Cassidy’s peace poster a winner

Cassidy's winning entry.

Cassidy Burton, a 12-year-old Grade 6 pupil at Micklefield Girls’ School, beat more than 600 000 entrants to win the local round of the 29th annual Lions Clubs International Peace Poster Contest.

Art teacher Genevieve Schutz said this was the first year the school took part in the competition, with five Grade 6 pupils entering.

The theme was “a celebration of peace”.

Pupils Miyo Jappie and Hannah Lea clinched the second and third spots respectively.

The posters go through several judging levels: local, district, multiple district and international.

The international winner will be announced on February 1 next year and stands to win 5 000 US dollars and each of the 23 merit winners will receive 500 US dollars and a certificate of achievement.

Ms Schutz said Cassidy’s winning entry was of a dove surrounded by a crowd of people and a rainbow.

“I could not believe that a Grade 6 pupil could produce something like this. It’s so sensitively done,” she added.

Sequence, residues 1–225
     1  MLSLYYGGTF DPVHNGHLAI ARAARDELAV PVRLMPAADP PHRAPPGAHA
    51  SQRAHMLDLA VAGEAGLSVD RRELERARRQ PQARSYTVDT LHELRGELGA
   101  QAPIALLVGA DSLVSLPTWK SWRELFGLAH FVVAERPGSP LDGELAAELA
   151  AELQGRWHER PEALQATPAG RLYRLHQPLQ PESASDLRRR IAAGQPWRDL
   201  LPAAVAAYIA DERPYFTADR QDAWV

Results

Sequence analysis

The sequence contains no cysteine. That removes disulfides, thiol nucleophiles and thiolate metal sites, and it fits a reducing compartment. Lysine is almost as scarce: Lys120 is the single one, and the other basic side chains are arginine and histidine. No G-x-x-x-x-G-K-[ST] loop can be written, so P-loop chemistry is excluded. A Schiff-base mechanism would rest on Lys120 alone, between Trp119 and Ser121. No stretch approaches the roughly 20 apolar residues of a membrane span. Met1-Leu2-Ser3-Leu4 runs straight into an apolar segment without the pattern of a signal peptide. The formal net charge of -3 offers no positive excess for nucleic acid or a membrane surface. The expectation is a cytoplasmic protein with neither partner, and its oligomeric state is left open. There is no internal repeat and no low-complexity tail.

She said Lions Clubs International is sponsoring the contest to emphasise the importance of world peace among young people everywhere.

“Ward 58 councillor Sharon Cottle encouraged us to take part in the competition and next year we hope to involve the Grade 7s,” she added.

Cassidy said she started working on her poster during the second term.

“I drew it with a pencil a week after getting the brief and a couple of weeks later I started painting. I really enjoy using watercolours,” she said.

When Cassidy is not spending time with her brother, Jordan, 9 and their dog Tory and budgie Tom, she enjoys watching Hawaii Five-0 and reading.

Although she is not sure what she wants to be when she grows up, she has many interests.

“I play hockey, tennis, and take part in cross-country running and I swim. At our school, we are encouraged to get involved in as many activities as possible,” she said.

Earlier this year, Cassidy and her class took part in an entrepreneurship programme which saw them lending a hand at Atlantic Hope in Sea Point: a home for abandoned babies. “Seeing the tiny babies who were abandoned was very saddening for me. What they have to go through at such a young age is so unfair because I got such a good start in life. It’s horrible that they don’t even know their mothers,” she said.

The all-rounder told the Tatler her role models are her parents Keith and Belinda.

When quizzed about her thoughts on world peace, she said: “Everyone dreams of peace and in my life I strive to create peace. I believe we will only have peace if everyone is allowed to live the same life. Equality is the only way to bring peace to this world,” she said.